Use this power distribution board to get your Romi chassis running quickly. The board lets you solder in battery contacts, provides reverse battery protection, provides several power switching options, and provides convenient access to the various power busses.
In stock in Australia
Our Code: SKU-003755
Supplier: [Pololu MPN:3541]
This power distribution board is designed specifically for the Romi chassis as a convenient way to access the chassis’s battery power and pass that on to the rest of the electronics that make up your robot. The board features reverse voltage protection and the patented latching circuit from the Pololu pushbutton power switch, providing a compact, solid-state power switch for your robot that can be controlled with a momentary pushbutton: one push turns on power and another push turns it off.
The board has a small pushbutton already installed and offers convenient points for connecting external pushbutton or tactile switches in parallel. It also offers several alternate pushbutton connection options that result in push-on-only or push-off-only operation, and additional inputs enable further power control options like allowing your robot to turn off its own power. Alternatively, the board can be reconfigured to disable the pushbutton circuit and give control to the small installed slide switch.
The board’s power buses are accessible through a set of 0.1″-spaced pins that are compatible with standard 0.1″ male and 0.1″ female headers, and also through a larger set of holes that are compatible with 3.5mm-pitch terminal blocks (you can combine a 2-pin block and a 3-pin block into a single 5-pin block that spans the three power holes and two ground holes).
By default, the on-board pushbutton can be used to toggle power: one push turns on power and another turns it off. Alternatively, a separate pushbutton can be connected to the BTNA and BTNB pins and used instead. Multiple pushbuttons can be wired in parallel for multiple control points, and each of the parallel pushbuttons, including the one on the board itself, will be able to turn the switch on or off. The latching circuit performs some button debouncing, but pushbuttons with excessive bouncing (several ms) might not function well with it.
For proper pushbutton operation, the board’s slide switch should be left in its Off position. (Sliding the switch to the On position will cause the board power to latch on, and the switch must be returned to the Off position before the board can be turned off with the pushbutton.)
Alternatively, to disable the pushbutton, you can cut the button jumper labelled Btn Jmp; this transfers control of the board’s power to the on-board slide switch instead. A separate slide or toggle switch can be connected to the GATE pin and used instead.
More advanced control options are available through the button connection pins and four control inputs:
|BTNA||Connect through momentary switch to pin “BTNB” for standard push-on/push-off operation. Connect through momentary switch to ground for on-only operation.|
|BTNB||Connect through momentary switch to pin “BTNA” for standard push-on/push-off operation.|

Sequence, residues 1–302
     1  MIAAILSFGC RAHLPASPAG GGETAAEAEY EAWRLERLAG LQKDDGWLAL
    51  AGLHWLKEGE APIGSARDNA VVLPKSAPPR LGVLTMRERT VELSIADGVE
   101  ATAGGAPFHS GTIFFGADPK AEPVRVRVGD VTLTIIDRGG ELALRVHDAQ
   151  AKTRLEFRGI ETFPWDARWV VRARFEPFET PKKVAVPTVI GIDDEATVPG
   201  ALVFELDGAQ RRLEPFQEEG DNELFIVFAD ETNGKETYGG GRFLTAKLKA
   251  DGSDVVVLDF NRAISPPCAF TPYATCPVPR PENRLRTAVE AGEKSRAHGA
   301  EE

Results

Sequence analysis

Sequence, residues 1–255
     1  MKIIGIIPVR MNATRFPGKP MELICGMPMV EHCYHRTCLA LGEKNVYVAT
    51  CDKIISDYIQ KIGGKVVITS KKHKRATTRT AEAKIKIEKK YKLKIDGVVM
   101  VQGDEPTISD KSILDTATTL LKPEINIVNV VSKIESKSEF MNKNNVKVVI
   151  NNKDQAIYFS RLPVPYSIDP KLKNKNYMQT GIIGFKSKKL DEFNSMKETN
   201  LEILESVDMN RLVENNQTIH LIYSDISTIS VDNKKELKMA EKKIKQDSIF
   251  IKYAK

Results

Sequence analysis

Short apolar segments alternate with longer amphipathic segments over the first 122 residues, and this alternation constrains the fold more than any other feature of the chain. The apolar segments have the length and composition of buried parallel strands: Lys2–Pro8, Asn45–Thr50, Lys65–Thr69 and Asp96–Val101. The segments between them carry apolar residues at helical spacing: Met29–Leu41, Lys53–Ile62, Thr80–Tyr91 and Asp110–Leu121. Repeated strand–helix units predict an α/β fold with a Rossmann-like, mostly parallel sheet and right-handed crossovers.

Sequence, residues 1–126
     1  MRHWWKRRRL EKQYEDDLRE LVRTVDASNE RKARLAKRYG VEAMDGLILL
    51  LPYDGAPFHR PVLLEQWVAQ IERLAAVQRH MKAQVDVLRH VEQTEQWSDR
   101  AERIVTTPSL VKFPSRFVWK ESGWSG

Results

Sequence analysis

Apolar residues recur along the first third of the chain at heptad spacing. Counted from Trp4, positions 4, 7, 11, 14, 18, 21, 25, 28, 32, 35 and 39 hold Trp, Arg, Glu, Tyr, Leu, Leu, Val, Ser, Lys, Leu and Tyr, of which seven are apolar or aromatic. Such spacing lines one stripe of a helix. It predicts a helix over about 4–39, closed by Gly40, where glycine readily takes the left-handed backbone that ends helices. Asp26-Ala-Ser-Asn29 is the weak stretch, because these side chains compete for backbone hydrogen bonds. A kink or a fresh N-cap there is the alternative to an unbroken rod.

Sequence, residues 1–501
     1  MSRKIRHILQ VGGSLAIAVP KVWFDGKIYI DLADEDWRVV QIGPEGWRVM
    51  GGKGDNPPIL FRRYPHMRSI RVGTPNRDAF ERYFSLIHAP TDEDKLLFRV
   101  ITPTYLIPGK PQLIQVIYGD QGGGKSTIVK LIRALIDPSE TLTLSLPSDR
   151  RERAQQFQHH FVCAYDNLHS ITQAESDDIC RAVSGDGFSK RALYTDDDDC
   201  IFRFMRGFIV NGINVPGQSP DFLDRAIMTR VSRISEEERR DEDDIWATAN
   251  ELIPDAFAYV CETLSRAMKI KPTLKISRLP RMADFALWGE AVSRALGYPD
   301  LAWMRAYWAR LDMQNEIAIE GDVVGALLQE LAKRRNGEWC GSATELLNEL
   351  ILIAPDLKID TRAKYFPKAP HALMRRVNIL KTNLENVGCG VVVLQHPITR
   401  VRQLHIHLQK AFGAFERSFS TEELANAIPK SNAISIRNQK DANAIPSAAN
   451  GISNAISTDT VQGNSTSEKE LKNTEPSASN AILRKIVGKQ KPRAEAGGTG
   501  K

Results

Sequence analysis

|ON||A high pulse (> 1 V) on this pin turns on the switch circuit. This pin only functions when pushbutton operation is enabled (i.e. the button jumper has not been cut).|
|OFF||A high pulse (> 1 V) on this pin turns off the switch circuit (e.g. allowing a powered device to shut off its own power). This pin only functions when pushbutton operation is enabled.|
|CTRL||With pushbutton operation enabled, this pin directly determines the state of the switch circuit. A high pulse (> 1 V) on this pin turns on the switch; a low pulse (e.g. driving the pin low with a microcontroller output line or pushing a button connected from this pin to ground) turns the switch off. Leave this pin disconnected or floating when not trying to set the switch state.|
|GATE||With pushbutton operation (button jumper cut), this pin controls the state of the switch circuit: driving it low turns the switch on, while letting it float turns the switch off. Connect through slide or toggle switch to ground for on/off operation. Leave this pin disconnected or floating for proper pushbutton operation. We recommend only ever driving this pin low or leaving it floating;|
The diagram below shows the layout of the power distribution buses and access points on the board.
The power distribution board’s default configuration provides battery power, VBAT, from all six of the chassis’s AA cells in series (nominally about 7.2 V with rechargeable batteries or 9 V with alkaline batteries). However, the board’s battery jumper, labelled Bat Jmp, allows you to reconfigure the battery connections to provide two independent supplies: BAT1, with 4 cells in series (nominally 4.8 V rechargeable or 6 V alkaline), and BAT2, with 2 cells in series (nominally 2.4 V rechargeable or 3 V alkaline). Cutting the connection between the BAT1− and BAT2+ pads separates the two sets of batteries, and using solder to bridge the BAT1− and GND pads establishes a common ground between the two new supplies.
Warning: Do not bridge the BAT1− and GND pads without first disconnecting BAT1− from BAT2+. Failing to do so could create a short circuit across the BAT2 batteries.
This schematic is also available as a downloadable pdf (147k pdf).
|Current rating:||5 A|
|Minimum operating voltage:||2.5 V|
|Maximum operating voltage:||10.8 V|